Robert Donovan ’21MSW: Treating the “Invisible Wounds” of Military Service
Simmons changed my entire perspective. I learned that social work was not only a passion for me but also a calling.
What the job entails
Robert is a clinical social worker at Home Base, a nationally recognized clinic run by the Red Sox Foundation and Massachusetts General Hospital that treats the “invisible wounds” of military service. He works in the Intensive Clinical Program (ICP), where every two weeks 24 veterans from across the country receive holistic care for PTSD, traumatic brain injury, military sexual trauma, depression, and anxiety. The no-cost program also helps family members, including survivors of suicide. Part of a multidisciplinary team, Robert facilitates several groups, assists with case management, and handles admissions. Soon, he’ll begin seeing clients for individual therapy. “Veterans come in struggling significantly with avoidance, intrusive thoughts, and hypervigilance,” reports Robert. “They then receive about 70 hours of care over the two weeks. The transformations are amazing."
What brought him to Simmons
After 13 years in the Army, with combat deployments to Iraq and Afghanistan, Robert decided to pursue social work to continue his service to others. He also wanted to “give back,” he explains, following treatment for PTSD and alcohol use disorder. “I realized how empowering it was to get help for myself,” he says. Robert appreciated the clinical focus and Boston location of Simmons Social Work, as well as its welcoming veteran community, led by Associate Professor Abbie Frost, PhD. “I could see myself fitting in at Simmons,” he says.
How Simmons prepared him
Robert entered the program with the goal of working with the veteran and military community. Comprehensive coursework, he says, allowed him to tailor his research and writing to issues facing this population. Drawing on his background as a military police officer, he completed his first internship with Somerville Police Department Community Outreach, Help, and Recovery (COHR). In this reform-focused role, he conducted community case management—responding to outreach calls, providing individual therapy, and advocating for jail diversion, among other responsibilities. His second placement was in Home Base’s Intensive Clinical Program, an opportunity that led to his full-time position. Robert was also instrumental in building the Student Veterans of America chapter at Simmons, serving as its vice president. “Simmons changed my entire perspective,” he says. “I learned that social work was not only a passion for me but also a calling.”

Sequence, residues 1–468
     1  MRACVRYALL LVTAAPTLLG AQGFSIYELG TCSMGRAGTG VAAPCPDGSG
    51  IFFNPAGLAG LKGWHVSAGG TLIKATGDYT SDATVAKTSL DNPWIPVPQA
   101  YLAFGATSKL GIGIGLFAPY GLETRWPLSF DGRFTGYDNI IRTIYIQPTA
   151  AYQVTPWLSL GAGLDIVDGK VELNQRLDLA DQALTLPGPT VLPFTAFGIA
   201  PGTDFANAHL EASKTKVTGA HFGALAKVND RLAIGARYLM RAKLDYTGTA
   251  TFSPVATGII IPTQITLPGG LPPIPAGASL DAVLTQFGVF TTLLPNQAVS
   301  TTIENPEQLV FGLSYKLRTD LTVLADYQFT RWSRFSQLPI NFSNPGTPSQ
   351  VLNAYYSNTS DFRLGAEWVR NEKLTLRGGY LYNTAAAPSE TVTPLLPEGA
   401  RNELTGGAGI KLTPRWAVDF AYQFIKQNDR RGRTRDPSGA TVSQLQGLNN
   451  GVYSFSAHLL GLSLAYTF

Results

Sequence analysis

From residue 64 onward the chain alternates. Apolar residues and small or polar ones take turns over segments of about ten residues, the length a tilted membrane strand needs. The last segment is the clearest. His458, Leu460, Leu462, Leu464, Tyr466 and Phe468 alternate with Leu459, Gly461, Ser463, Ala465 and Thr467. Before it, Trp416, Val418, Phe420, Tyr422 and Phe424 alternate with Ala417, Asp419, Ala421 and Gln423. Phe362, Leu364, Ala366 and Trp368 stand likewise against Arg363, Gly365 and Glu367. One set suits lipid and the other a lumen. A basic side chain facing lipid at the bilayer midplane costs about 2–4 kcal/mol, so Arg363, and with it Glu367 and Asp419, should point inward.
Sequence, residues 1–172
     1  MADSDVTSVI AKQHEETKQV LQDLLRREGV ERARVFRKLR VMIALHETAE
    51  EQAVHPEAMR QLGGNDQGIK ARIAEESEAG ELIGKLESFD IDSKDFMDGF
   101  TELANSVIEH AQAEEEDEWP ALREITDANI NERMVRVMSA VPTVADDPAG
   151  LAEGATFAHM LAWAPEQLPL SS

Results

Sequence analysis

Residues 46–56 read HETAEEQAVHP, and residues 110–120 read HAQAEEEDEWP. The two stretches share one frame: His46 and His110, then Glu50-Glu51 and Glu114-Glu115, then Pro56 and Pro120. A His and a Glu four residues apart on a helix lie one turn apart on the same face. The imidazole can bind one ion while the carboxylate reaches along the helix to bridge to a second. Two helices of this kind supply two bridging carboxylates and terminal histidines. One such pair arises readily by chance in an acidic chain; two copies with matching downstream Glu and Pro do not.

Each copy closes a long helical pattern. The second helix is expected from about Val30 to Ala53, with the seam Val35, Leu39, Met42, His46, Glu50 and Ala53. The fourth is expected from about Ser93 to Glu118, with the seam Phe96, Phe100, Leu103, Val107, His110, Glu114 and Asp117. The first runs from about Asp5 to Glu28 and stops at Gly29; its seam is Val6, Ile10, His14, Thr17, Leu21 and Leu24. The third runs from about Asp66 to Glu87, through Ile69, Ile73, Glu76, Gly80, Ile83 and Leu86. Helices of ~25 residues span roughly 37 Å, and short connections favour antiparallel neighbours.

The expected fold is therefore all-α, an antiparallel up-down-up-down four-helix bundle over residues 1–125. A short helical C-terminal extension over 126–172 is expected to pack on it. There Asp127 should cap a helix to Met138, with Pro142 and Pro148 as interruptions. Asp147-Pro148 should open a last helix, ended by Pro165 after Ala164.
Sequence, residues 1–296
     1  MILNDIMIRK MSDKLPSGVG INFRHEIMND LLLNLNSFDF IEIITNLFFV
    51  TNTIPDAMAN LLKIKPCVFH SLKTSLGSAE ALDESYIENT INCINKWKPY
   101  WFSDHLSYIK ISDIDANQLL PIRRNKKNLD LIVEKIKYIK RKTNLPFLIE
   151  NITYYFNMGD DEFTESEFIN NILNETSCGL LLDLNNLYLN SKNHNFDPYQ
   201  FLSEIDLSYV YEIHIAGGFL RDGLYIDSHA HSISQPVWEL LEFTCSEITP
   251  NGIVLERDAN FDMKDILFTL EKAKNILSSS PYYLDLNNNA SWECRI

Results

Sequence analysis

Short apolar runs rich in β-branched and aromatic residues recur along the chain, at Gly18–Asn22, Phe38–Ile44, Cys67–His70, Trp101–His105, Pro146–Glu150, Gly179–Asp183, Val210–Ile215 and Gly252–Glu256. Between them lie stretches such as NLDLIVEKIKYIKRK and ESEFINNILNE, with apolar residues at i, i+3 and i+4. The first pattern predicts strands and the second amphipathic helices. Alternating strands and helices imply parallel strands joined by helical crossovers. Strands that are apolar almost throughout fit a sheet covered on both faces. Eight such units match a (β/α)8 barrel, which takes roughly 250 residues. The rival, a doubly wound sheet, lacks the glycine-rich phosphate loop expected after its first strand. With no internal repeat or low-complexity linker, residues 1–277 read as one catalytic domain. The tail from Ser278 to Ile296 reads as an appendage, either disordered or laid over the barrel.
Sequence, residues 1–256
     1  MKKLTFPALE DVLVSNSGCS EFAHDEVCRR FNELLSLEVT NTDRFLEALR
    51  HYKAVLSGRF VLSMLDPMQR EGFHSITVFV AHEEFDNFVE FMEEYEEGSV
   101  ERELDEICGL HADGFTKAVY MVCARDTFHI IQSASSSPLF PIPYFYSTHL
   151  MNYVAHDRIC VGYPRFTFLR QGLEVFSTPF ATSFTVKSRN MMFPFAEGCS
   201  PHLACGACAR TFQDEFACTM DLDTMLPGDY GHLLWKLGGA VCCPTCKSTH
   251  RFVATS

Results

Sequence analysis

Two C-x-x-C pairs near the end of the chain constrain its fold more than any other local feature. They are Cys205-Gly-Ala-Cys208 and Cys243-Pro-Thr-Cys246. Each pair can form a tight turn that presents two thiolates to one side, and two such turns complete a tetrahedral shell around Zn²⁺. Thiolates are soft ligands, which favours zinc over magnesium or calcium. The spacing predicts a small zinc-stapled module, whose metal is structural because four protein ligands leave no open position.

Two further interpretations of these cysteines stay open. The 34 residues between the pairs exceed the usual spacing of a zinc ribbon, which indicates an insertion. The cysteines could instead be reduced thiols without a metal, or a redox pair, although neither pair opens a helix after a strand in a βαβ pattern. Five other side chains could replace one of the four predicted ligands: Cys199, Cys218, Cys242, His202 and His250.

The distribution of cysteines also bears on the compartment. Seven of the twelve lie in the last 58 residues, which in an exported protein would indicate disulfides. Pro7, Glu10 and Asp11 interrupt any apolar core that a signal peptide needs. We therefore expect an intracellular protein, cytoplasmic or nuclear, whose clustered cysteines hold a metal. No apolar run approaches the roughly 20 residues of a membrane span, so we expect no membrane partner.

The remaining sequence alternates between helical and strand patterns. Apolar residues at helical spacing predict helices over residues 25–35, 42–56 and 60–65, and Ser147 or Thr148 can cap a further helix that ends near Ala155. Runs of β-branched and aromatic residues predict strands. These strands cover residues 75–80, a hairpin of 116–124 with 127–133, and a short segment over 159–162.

Why it’s rewarding
“Being a social worker is a constant reminder of my own journey and how I can continue to live with a greater purpose,” says Robert. “I get goose bumps when I see people on ICP graduation day and realize how much healing has happened. It’s so powerful.”